Someone with many years in education was visiting our building recently and commented, “I don’t think I’ve ever seen a high school lunch period this quiet.” 



I think they caught us on a good day. But it was a nice compliment.


I know our lunches aren’t perfect. In fact, there were a few grapes flying around recently too. Kids will be kids, right? But I was a proud principal after hearing the visitor’s perspective, because I think it is a small indicator of our culture.



I was speaking with another educator who shared, “At my previous school, we had to have supervision all across the lunch room to keep everyone’s behavior in line.” It sounded like they had a bunch of people on guard to make sure there weren’t any problems.



It’s possible to achieve good behaviors by “running a tight ship” or by being “heavy handed.” There are lots of ways to influence behavior. And forcing compliance is one way to change behavior. Fear is a way to change behavior. Sticks and carrots are a way to change behavior. 



So don’t mistake a culture of compliance for a culture of character. There’s a difference in doing the rights things, and doing the right things for the right reasons.



What happens when the adults aren’t watching? How will the students act in those situations? That’s when character is revealed. We can keep our thumb on them to get what we want, but are we really helping them develop the decision-making and responsibility they need?



I want students to learn why character matters. 



I want them to show empathy.



I want them to be upstanders and not bystanders.



I want students to understand how they treat all people makes a difference. 



I want students to know it’s important to be honest, with themselves and with others.



I want students to learn to admit mistakes and move past them in a positive way.



I want to see students take full responsibility.



Ultimately, my goal is to create an environment that brings out the best in our students. I want them to feel supported and valued. And I want them to know I have very high expectations for them, not because of what they do but because of who they are. I believe in you, want the best for you, and I’m here to support you. That’s the message I want to send.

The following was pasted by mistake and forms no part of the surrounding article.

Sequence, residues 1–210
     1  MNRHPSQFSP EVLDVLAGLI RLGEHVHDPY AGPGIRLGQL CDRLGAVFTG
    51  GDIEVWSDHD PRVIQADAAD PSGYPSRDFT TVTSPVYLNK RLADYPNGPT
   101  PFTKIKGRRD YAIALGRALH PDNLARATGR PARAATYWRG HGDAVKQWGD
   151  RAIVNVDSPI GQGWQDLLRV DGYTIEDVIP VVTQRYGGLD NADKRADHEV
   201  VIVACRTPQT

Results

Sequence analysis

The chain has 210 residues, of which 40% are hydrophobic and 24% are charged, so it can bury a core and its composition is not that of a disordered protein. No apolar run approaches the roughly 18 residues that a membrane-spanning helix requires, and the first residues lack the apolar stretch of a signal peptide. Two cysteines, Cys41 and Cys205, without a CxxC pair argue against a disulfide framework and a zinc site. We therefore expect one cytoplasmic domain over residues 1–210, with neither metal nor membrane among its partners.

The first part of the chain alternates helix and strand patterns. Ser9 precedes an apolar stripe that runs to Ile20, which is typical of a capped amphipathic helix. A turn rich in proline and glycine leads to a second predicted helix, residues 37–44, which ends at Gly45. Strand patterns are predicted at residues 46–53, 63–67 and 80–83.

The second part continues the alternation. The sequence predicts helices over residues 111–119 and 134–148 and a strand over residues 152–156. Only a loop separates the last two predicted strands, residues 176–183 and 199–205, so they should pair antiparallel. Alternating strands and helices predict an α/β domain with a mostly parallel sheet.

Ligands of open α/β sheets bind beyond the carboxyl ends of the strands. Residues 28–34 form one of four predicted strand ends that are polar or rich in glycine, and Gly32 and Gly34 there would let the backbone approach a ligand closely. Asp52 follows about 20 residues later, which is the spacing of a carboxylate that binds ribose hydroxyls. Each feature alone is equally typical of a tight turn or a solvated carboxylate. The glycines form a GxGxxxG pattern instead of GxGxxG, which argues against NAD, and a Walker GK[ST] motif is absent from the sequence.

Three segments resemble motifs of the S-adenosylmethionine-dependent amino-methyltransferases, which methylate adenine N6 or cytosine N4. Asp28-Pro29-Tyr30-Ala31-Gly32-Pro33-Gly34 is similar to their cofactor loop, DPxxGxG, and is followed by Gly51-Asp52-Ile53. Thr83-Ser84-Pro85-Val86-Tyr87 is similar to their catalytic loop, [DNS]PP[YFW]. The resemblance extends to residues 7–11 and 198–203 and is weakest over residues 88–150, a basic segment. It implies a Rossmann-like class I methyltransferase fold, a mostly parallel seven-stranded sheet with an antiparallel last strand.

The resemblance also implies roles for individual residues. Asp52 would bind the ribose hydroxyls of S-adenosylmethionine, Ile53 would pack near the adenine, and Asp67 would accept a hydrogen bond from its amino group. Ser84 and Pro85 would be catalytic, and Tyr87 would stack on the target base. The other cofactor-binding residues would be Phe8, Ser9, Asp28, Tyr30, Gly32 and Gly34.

I think the traditional model of education has been very focused on compliance. In fact, compliance is often celebrated. I’ve had parents and teachers talk with admiration about teachers and administrators who ran classrooms and schools with an iron fist. They applaud the strict adherence to commands and rules. I have to admit that used to impress me too. 



But not anymore. I’ve come to realize that schools can be extremely orderly and run with precision and under the surface have a character deficit. I’m all for discipline, but I want to see that students are taking ownership for their behavior and can self-manage in positive ways. I want to see students empowered to do good and make a difference in the world. That won’t happen in a culture of compliance. It will only happen in a culture of character.



Is any of this making sense? I want to hear from you. I’m convinced that teaching character and developing it in our schools is as important as ever. What do you think? Leave a comment below or respond on Twitter or Facebook.

      

Read More Culture of Compliance or Culture of Character?



A substitute teacher in our building recently approached me about some problems she was having with student behavior. She detailed how she told the kids exactly what she expected and tried to enforce the rules, but they didn’t respond well at all.



I got the impression she was trying the stern teacher approach.